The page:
Sins of Omission

The Fighting Marine: Gene Tunney

Though he beat Jack Demp­sey decisively the two times they met in the ring, was undefeated as a heavyweight, and retired as heavyweight champion, Gene Tunney is often forgotten when today’s era of fight fans or others discuss the greatest heavyweights.  Political correctness doesn’t allow us to forget black champions such as Jack Johnson, although he lost a dozen fights, six by knockout, and had seven draws.  Johnson’s claim to fame was defeating the “Great White Hope,” James J. Jeffries, in 15 rounds.  Yet, when he faced Johnson, Jeffries hadn’t fought in six years and was 35 years old, overweight, and short on conditioning.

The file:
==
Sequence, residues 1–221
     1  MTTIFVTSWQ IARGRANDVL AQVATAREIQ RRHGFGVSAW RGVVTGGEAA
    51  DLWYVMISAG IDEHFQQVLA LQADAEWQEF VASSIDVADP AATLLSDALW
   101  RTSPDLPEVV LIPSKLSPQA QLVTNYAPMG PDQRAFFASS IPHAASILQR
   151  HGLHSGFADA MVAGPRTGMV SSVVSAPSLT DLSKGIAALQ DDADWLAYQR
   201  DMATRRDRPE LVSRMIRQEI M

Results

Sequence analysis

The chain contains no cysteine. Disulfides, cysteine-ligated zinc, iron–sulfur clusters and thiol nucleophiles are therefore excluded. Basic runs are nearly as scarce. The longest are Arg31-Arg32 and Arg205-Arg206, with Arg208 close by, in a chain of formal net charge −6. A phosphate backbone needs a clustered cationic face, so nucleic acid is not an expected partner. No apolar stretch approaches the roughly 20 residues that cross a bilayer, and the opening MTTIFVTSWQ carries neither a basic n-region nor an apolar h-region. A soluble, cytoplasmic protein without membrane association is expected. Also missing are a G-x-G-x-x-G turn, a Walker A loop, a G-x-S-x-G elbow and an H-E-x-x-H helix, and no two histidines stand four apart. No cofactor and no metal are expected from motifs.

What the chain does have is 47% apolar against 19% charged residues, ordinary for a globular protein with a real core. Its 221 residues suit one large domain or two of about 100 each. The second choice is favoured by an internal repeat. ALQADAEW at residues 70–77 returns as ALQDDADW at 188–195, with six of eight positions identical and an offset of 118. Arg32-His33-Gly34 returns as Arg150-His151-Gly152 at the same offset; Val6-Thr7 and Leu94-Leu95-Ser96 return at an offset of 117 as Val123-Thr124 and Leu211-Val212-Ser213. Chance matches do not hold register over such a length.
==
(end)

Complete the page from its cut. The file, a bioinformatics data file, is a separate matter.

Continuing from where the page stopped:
James Joseph Tunney was born in 1897 to parents who had immigrated to New York City from County Mayo, Ireland.  For Tunney’s tenth birthday his longshoreman father gave him boxing gloves and began training him, not because the father wanted him to become another Sullivan or Corbett, the father’s heavyweight heroes, but because his skinny son was coming home battered from fights in their rough Irish neighborhood at the western end of Greenwich Village.  By this time Tunney was called Gene because that was the closest the baby of the seven Tunney children could come to pronouncing James.

At De La Salle Academy, Tunney excelled not only in every sport but in the classroom.  Nonetheless, at 15 he dropped out of the tenth grade to take a job with...

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